Meant2Be: A match made in temple
Some people claim to hear angels sing the first time they meet their bashert. In my case, it was more like the theme to “The Twilight Zone.”
I was sitting in my usual spot at temple at the time, alone at the very back of the intimate, Midwestern sanctuary. I liked it that way during services — isolated, focused on prayer and my own thoughts.
Then she walked in. Long brown hair, a New Yorker’s confident strut and — unlike just about everyone else in the room — a birth date after the Johnson administration. As luck would have it, she also was five minutes late, so she quietly took a seat next to me.
The rest of services were a blur as my eyes kept creeping in the direction of the newcomer. Forget about introspection; I was more concerned with figuring out who this outsider was. When, at the service’s conclusion, she was identified to the congregation as our new cantor who would be starting the following week, I decided to introduce myself.
“Hi,” I said. “I’m Ryan.”
“Ryan Smith?” she responded.
Cue the freaky, horror movie music. Or alarm bells. Something wasn’t right.
She grinned knowingly. All I knew was that I was in trouble.
To find out the rest of the story, I invited her out to dinner. Her words were anything but sweet nothings. Instead, the true tale of how fate — or rather, an extremely enthusiastic congregant — brought us together, was enough to keep me up at night.
It turned out that my future wife’s job interview had more twists than an M. Night Shyamalan movie. It started when the temple Brotherhood president (who happened to be my former religious school teacher) met her before her audition.
“Are you single?” he asked.
She hesitated, then answered: “Yes.”
“Have you met Ryan Smith?”
So much for idle chit chat — and it got worse.
“You two would make beautiful babies,” he said. “Hey Steve, don’t you think she and Ryan Smith would make beautiful babies?”
With an introduction like that, how could you not be interested in dating someone? And yet, with those words, a series of events were set in motion that made our pairing inevitable.
Maybe our happy union would have happened anyway, but I was never any good at dating, and my friends — not to mention my mom — all will admit that I could use some help. So it’s probably good that I had a whole community looking out for me.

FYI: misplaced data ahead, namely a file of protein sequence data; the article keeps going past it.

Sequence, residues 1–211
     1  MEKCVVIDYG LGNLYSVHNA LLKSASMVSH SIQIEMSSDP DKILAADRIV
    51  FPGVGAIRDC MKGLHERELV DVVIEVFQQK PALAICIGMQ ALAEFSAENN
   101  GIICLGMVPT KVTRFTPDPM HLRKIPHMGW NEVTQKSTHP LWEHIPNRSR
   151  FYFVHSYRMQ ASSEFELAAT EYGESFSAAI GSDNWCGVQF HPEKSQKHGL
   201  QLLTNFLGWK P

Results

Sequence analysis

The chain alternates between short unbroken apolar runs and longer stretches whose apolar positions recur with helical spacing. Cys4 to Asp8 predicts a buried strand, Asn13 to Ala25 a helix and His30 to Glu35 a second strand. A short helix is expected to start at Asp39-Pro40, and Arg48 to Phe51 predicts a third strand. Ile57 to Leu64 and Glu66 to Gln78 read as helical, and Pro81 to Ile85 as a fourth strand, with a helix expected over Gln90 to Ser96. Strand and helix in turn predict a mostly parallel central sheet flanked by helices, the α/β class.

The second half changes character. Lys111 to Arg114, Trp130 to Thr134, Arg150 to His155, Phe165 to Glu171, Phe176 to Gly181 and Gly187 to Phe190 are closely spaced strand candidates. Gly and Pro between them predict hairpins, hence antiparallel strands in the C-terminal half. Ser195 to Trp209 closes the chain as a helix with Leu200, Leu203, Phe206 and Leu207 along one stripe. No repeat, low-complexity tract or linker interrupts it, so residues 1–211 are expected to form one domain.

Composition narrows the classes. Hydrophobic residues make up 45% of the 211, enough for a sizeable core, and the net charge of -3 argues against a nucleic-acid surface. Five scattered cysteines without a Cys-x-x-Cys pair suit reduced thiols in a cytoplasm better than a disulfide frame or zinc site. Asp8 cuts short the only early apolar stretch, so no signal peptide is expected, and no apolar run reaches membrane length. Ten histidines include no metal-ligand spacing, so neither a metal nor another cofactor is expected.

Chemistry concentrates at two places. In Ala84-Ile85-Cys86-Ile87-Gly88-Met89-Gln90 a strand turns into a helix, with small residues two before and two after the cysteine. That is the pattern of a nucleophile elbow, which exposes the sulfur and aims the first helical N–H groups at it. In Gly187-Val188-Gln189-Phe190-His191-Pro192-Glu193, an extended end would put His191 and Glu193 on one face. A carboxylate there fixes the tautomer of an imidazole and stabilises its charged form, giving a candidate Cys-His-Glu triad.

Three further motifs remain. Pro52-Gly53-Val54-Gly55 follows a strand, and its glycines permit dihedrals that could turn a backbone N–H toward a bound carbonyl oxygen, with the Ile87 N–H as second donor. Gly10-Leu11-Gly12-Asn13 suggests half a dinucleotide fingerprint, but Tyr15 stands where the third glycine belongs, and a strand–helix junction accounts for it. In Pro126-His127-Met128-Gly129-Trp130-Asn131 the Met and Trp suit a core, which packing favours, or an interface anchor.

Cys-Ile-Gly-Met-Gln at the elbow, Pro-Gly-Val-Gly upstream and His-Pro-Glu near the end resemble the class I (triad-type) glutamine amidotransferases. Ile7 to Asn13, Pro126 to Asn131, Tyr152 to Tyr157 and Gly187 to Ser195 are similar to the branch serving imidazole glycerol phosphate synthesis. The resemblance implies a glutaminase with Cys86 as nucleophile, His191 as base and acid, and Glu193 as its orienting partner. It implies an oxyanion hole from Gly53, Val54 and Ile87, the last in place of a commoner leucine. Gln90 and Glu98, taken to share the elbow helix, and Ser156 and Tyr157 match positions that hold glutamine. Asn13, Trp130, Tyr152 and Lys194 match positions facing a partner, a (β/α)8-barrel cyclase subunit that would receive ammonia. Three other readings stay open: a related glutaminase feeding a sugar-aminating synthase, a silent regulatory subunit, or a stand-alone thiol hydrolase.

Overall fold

This wasn’t the first time my shul had tried to come to my aid. There was the mensch of a temple president who, after Yom Kippur morning services one year, offered me two tickets to a gala for that very evening — then suggested that I take his niece. (I declined, explaining that I was busy … attending Neilah.)
Now, there were others who asked the same question as my friend, the Brotherhood president: “So, cantor, have you met the only other congregant under the age of 30 — or 65, for that matter?” (An exaggeration, perhaps, but only a slight one.)
And when my future wife was hospitalized shortly after starting the job — which she accepted despite (or was it because of?) the awkward offer of beautiful children — another temple leader called me and asked that I be the community’s emissary to visit with her. You know, in her time of need. Wink, wink.
I could thank God every day for the privilege of waking up next to a beautiful, talented, amazing woman. Or I could thank Ross and Mel and Audrey and everyone else who conspired to bring us together.
They saw beyond our differences with typical Jewish stubbornness, envisioning the miracle of a union between a Prius-driving, Broadway-loving vegetarian hippie from Manhattan who had never seen “The Godfather,” and a “Terminator”-watching, carné-craving, sports fanatic from Ohio who couldn’t hum a single chord from “A Chorus Line.”
To these haimish souls, we were perfect for each other, and not just because we were young and single and there was no one else. They got to know us as family, from the very start, and family looks after family. They invited me — a young single man living away from his parents — into their homes for Shabbat, for holiday meals, for movies. They sought out the new cantor not just for her counsel but for her companionship.
When we finally became the match they knew we could be, it made them all so happy. Truly happy — because it made them more complete, more joyous. Talk about a caring community.
And, for the record, they ultimately were right: We did make beautiful babies.
Ryan E. Smith, managing editor of the Jewish Journal, is married to Cantor Jen Roher. They are the parents of two beautiful children, Elijah and Gabriel.